Wednesday, February 11, 2015

"The Queen of Carleon," by Linda Thackeray

"A true gem for fantasy lovers," Linda Thackeray's Legends of Avalyne series-opener is praised by its readers as "well-planned," "beautifully-written," "charming," and "evocative." Read on!

The Queen of Carleon (The Legends of Avalyne Book 1), by Linda Thackeray
Price: $2.99
295 pages, with a 5.0-star rating from 6 reviews

"From the very first page, this tale will take you on a thrilling ride from your world to a magical place filled with as much beauty as it is with evil; so sit back and enjoy the ride." -- Reader's Favourite

Avalyne is at peace.

The Shadow Lord has been defeated and the war he unleashed has come and gone. With the kingdom of Carleon restored, King Dare, a mortal man has finally wedded his elven love Arianne. As they prepare to usher in a new era of prosperity across the land, the Queen happily announces the impending arrival of an heir.

Arianne's joy is short-lived when she discovers an ancient evil has emerged from the wreckage of war with a monstrous plan to conquer Carleon using her unborn child. In secrecy, Arianne leaves her very mortal husband behind and embarks on a race against time to prevent a hellish ritual that will turn her innocent child into a tyrant worse than the Shadow Lord.

Joining her on a quest that will take her to the farthest reaches of Avalyne are her best friends—the warrior Celene of Angarad and Keira of the Green. Together, the three women will face many perils as they pit themselves against the darkest creatures in Avalyne while at the same time, exploring the majesty of its many kingdoms.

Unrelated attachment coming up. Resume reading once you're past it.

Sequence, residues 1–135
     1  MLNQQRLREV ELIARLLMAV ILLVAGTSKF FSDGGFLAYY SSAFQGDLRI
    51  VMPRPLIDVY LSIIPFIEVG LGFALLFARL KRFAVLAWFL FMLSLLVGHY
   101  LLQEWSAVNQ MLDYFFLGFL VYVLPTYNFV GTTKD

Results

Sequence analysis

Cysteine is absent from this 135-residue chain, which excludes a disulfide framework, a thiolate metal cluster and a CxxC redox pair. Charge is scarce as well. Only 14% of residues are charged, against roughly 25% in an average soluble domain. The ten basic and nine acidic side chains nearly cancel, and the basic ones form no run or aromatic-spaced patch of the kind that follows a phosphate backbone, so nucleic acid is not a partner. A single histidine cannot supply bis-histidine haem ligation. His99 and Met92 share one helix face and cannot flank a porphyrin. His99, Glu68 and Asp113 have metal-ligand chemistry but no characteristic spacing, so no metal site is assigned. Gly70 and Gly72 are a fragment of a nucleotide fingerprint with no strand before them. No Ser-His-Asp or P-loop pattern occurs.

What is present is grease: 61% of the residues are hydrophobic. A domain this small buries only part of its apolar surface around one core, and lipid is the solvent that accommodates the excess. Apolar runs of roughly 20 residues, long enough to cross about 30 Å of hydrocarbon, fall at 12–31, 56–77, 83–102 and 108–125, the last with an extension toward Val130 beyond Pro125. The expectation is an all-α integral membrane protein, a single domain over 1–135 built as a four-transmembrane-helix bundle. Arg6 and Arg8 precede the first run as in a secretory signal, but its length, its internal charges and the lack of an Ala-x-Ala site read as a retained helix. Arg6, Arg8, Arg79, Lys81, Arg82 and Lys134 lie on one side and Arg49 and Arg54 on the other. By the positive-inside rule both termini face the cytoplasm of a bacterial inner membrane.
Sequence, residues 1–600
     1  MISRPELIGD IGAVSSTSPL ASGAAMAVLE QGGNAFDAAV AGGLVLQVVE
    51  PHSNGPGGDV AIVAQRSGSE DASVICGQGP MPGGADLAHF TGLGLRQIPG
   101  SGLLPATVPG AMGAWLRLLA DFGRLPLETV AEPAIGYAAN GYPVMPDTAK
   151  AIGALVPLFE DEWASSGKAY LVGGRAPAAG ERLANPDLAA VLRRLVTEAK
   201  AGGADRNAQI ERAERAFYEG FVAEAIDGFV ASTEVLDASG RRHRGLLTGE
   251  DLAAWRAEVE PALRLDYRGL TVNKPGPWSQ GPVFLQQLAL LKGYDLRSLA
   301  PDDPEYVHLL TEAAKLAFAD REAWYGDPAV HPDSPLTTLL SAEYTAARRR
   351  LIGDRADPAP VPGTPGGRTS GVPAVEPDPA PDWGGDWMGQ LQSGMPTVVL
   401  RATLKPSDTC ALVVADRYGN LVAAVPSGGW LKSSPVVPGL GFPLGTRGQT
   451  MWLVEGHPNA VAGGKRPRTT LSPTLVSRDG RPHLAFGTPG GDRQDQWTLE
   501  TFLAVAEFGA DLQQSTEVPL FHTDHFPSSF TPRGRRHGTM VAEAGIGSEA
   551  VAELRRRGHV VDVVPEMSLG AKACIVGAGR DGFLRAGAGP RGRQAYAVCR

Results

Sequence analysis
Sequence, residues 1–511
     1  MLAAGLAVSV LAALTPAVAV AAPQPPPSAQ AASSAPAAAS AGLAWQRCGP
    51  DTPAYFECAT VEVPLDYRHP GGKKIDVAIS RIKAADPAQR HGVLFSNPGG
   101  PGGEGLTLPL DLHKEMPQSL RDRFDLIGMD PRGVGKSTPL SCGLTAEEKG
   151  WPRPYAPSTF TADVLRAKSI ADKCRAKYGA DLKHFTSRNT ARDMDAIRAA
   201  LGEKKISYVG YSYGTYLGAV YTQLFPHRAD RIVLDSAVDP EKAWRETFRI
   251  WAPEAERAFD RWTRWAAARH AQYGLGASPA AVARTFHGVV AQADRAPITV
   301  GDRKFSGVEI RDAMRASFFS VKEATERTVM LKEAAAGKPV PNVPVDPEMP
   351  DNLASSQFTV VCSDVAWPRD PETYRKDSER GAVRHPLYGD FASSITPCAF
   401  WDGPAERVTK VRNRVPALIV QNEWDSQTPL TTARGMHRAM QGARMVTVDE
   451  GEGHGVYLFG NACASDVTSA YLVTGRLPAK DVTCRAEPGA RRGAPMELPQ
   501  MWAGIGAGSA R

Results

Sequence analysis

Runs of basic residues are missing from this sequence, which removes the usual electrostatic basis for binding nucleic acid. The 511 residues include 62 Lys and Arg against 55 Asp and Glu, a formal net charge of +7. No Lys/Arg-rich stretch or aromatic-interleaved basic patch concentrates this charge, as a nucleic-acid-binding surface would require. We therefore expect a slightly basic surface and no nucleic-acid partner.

This is a story about women who are determined to protect the people they love and the friendship that binds them together.

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Meet the Author

I was born and raised in Singapore but moved to Australia in my teens. I've spent some years in country Australia and then moved to the big city, being Sydney, for work. In recent years, I've decided that the city is too much for me and have moved to a coastal town called Woy Woy (yes, that really its name - it means big water) and have been there since.

Why do I love to write? In Stephen King's IT, Bill Denbrough asks 'Why can't a story be just as story?'

I think I became a fan of Stephen King just because of that, because that one simple question is how I look at all my stories. I rarely think about the thematic aspects of a story, only that when I have an idea, it just sits in my head until its demand to be heard are met.

My favourite King quote?

"Go then, there are other worlds than these."

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